Blood Diner was recommended to me by a friend/coworker, who completely sold it to me by describing it as a “Blood Feast homage directed by a woman”. Of course, lady-directed movies are always particularly attractive to me; even more so when it’s a horror, which seems to be a particularly male-dominated field. Also, I watched Herschell Gordon Lewis’ classic Blood Feast last year for the very first time and enjoyed it quite a bit. Seeing a slightly more modern take on it sounded like an awesome idea, which persuaded me to check this out. Altogether, I’d say I liked it about as much as I did Blood Feast. There’s no denying that it’s quite a wild ride, often to its disadvantage, but its definitely the type of film I won’t be forgetting anytime soon.
One thing that should be noted about this film is that it definitely doubles as a dark comedy, oftentimes with its humor dwelling in particularly bad taste. In such respects, the film frequently felt like something out of Troma, certainly not hurt by its frequency of gratuitous female nudity. Like Blood Feast, the narrative of the film revolves largely around cannibalism. However, while the original film plays these acts up to instill fear and discomfort in viewers, Blood Diner isn’t afraid to make light of these atrocities for the sake of humor. It also isn’t afraid to be more than a little bit ridiculous, as the narrative also throws in supernatural elements into the mix, creating a jarring effect with its horror and sci-fi elements. Essentially the entire plot is controlled by a talking brain in a jar… with eyeballs? And also there’s an Egyptian goddess and lots of wrestling and a band that is basically Nazi Devo? Go figure.
If these elements sound like something enjoyable, chances are they will be. Films such as these aren’t particularly hard sells for those who, like myself, relish in the occasional frolic through trash cinema. There’s no denying its sheer stupidity, but at the very least it is consistent in its ridiculousness. At least it is until its “Lumerian feast” climax, where all hell breaks loose, in every perceived meaning of the phrase. It’s also interesting to note its director, as there don’t seem to be very many female filmmakers within the realm of exploitation cinema (at least not very many praised ones). Yet Jackie Kong proves that, even among its employed tropes of violence against women and male-led gross-out humor, a compelling female character can be found with the black lady detective (LaNette LaFrance) who proves she’s above and beyond the rest of them. Also, there’s no denying that the previously mentioned Egyptian goddess is pretty awesome – check out that toothed abdomen!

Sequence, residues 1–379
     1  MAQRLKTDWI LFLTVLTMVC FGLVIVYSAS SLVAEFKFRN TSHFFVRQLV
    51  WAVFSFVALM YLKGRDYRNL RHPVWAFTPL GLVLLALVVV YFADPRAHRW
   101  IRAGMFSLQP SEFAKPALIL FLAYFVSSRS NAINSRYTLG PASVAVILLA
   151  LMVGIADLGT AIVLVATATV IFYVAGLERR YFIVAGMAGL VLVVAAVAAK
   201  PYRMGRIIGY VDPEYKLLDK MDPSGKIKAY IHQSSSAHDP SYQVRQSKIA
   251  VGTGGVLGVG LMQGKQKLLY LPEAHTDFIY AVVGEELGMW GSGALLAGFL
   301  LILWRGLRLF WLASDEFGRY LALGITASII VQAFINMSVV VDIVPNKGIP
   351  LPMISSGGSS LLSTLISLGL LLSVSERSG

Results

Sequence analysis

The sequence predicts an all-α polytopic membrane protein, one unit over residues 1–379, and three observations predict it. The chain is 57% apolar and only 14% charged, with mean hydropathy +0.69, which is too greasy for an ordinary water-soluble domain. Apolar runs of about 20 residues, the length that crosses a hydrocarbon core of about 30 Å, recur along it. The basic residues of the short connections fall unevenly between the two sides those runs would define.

However, I couldn’t possibly kid myself in declaring Blood Diner flawless. After all, it is a rather tasteless horror comedy with a sense of humor that can be rather juvenile and frequently falls flat. Overall, however, the ride that it offers is definitely worthwhile, especially for those who appreciate Blood Feast, Troma films, extravagant blood ‘n’ guts – or all of the above. I’m glad this floated through my radar; despite the many drawbacks, its wild, bloody fun is impossible to deny.